Nurse Pimlico was having difficulty interpreting the smile that now occupied Tech Archer’s face as being either friend or foe. “I’ve no issue with it if Doctor Jefferson has no objections.” Nurse Pimlico changed her focus in the direction of Doctor Jefferson to await a response.
“I’ve no objections Nurse Pimlico,” said Doctor Jefferson.
“But we do need to run a full diagnostic on The Hat. That could take upwards of an hour or more.”
“I’ve no objections to that either Nurse Pimlico. All I have is time on this fine day formerly known as Christmas, and Tech Archer is free to spend as much time as he would like sitting on the floor if he so desires.”
“I understand Doctor Jefferson. Estimated time to completion of diagnostics will be sixty-four minutes on my mark…mark! Diagnostics started and running, Doctor Jefferson.”
“Excellent Nurse Pimlico,” said Doctor Jefferson as he reached for one of the empty rolling chairs and pulled it to him. He released an audible sigh of relief upon occupying the chair, and turned his attentions to the technician who was sitting on the floor.“Junior Technician Archer, Level 15, if all goes well, you now have approximately sixty-three plus minutes for you to tell me about what you are working on for you next advancement thesis. Assuming, that you are you are submitting yourself for advancement review, that is.”
“I am indeed Doctor Jefferson, and I’ve already picked my topic.” Tech Archer’s somewhat cavalier but laid-back outward demeanor experienced a sudden radical shift to something somewhat more exuberant and excitable.
“Oh really Archer. Do tell.”
“Global H20 Dynamics.”
“Global, H20, Dynamics…my oh my you do think big young man. I’ve Nurse Pimlico chasing subatomic bitwise ghosts and other mysterious free-radicals, and Tech Archer considering the global dynamics of water and it’s components.” Doctor Jefferson leaned back in is chair and raised his arms in a somewhat mocking celebratory moment of zen. “The gods have favored me on this previously sacred day and blessed me with the company of giants.” He quickly dropped his hands and leaned forward in his seat towards Technician Archer’s position on the floor. “And I do not in any way, shape or form mean that in a contemptuous or demeaning way Technician Archer, to which Nurse Pimlico can attest, can you not Nurse Pimlico?”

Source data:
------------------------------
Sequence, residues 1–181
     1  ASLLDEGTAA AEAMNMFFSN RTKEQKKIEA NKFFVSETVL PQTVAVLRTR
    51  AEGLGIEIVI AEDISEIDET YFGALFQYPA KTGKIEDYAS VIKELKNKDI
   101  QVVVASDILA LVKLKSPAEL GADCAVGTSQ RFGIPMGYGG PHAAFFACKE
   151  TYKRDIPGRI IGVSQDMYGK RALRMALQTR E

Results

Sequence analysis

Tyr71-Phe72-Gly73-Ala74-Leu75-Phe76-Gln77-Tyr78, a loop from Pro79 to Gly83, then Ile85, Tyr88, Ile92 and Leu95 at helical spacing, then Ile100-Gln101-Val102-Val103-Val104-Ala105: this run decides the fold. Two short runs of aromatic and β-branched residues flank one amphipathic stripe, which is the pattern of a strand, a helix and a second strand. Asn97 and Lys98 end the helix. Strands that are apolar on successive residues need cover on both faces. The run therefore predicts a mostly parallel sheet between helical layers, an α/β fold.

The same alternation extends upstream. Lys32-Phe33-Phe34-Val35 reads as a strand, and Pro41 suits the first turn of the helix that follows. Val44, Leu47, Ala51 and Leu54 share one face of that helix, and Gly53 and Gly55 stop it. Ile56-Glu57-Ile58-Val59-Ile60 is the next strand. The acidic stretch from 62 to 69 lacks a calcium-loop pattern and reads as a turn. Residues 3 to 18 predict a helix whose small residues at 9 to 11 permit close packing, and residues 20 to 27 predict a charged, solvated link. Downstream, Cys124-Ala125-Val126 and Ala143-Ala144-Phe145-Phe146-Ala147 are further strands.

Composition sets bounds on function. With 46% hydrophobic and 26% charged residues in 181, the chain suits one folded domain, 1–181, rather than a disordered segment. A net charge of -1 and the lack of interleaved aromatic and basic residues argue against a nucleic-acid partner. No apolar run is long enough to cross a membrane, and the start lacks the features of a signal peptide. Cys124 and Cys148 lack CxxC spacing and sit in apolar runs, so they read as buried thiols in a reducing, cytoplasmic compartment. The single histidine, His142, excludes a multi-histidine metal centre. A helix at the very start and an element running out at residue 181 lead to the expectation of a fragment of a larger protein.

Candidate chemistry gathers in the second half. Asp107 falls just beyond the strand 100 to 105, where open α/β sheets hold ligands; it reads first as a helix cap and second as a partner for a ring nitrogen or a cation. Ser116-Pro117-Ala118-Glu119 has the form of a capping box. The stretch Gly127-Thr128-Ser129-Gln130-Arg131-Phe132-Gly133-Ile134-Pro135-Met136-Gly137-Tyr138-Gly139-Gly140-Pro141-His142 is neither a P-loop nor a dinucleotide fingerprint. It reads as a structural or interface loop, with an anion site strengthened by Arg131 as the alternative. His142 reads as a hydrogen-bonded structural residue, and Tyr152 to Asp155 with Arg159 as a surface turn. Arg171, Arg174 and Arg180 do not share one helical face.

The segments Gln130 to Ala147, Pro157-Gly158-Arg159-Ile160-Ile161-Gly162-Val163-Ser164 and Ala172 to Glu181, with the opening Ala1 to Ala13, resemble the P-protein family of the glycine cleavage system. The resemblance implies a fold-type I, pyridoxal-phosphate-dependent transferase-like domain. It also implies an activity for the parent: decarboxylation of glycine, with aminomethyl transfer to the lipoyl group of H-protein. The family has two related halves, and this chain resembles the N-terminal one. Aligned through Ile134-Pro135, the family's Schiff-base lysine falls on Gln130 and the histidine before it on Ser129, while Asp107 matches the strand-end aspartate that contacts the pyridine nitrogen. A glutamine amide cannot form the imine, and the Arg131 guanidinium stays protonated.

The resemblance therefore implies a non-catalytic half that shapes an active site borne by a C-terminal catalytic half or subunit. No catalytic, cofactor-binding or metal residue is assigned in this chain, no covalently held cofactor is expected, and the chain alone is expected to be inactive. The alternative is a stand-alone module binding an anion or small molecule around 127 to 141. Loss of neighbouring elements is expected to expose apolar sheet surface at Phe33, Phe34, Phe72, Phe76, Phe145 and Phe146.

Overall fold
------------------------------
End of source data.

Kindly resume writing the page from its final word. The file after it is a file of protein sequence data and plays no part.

“I can indeed inform Tech Archer that the levity displayed by Doctor Jefferson is not one of contempt nor mockery. Tell him your tale Archer, but I can tell you from experience, tell it as it needs be told.”
“She is correct Tech Archer. Tell it as it needs be told. You have my undivided until I say otherwise. Oh, and the captain has turned off the please remain seated on the floor sign. Feel free to get up and move about the cabin if so inclined Junior Technician Archer.”
~ ~ ~
The cabin’s fireplace crackled as Emil lay on the floor basking in it’s warmth; engaged in glorious battle on his new Nintendo Switch. He would have preferred a set of drums for Christmas, but he was more or less contented with the fact that his parents were unlikely to ever endorse his owning a drum set while he still lived at home. Emil understood. The apartment back home in Copenhagen was not the best of environments for a future rock star to live, and keeping the drums here in the sommerhus at Bornholm wasn’t practical. I’d practically never get to practice, Emil thought sarcastically to himself as his thumbs worked feverishly to keep his elven character alive. Lort! I died! thought Emil to himself as his on-screen character completed it’s pre-programmed death-throes then slumped into a heap amid the grassy lands of Hyrule.